Aims: The aims of this study were to evaluate the associations between postpartum depressive symptoms and maternal perceptions of infant patterns with 1-year follow-up examinations, and to assess the impacts of treatment on these perceptions.
Methods: One hundred three mother-infant pairs were evaluated. Data on maternal reports of infant feeding, sleeping and temperament patterns were collected at each well-child visit. The Edinburgh Postpartum Depression Scale was used to assess depressive symptoms. A psychiatrist interviewed the mothers with depressive symptoms, and psychiatric treatments were administered accordingly. The associations between depressive symptoms and maternal perceptions at each visit were analyzed by taking into account the entire follow-up period.
Results: Thirty-five mothers (34%) scored within the clinical range of the EPDS during the follow-up period. Mothers with elevated depressive symptoms were more inclined to report infant cry-fuss, sleeping and temperamental problems through the follow-up. Such complains on infant cry-fuss and temperament problems and maternal sleeping problems improved after treatment in compliant mothers. The dropout rate was high (58.3%) in noncompliant mothers.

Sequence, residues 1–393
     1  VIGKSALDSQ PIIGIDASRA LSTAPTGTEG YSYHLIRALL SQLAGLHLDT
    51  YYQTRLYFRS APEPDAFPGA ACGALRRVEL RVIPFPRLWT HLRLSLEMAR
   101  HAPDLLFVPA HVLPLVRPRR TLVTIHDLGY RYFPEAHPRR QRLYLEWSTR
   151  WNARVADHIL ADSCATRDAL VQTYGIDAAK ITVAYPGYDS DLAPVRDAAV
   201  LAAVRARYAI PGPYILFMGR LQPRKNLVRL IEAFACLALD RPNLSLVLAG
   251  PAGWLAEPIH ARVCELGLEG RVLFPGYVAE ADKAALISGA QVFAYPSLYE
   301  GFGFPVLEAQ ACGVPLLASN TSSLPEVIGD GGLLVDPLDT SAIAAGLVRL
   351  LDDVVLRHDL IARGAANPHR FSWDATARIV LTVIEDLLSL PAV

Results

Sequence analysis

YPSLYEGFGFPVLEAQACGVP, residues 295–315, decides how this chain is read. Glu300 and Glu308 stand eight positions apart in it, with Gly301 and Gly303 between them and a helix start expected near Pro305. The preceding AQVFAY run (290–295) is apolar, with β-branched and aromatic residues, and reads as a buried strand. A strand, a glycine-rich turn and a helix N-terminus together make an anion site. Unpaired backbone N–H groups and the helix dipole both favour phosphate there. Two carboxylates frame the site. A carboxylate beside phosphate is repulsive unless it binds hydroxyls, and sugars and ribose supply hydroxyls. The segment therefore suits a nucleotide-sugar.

Conclusion: Postpartum depressive symptoms may lead to negative maternal perceptions of infant patterns. Earlier management of these disorders and maternal compliance to psychiatric suggestions may provide a better care for the mother-infant pairs.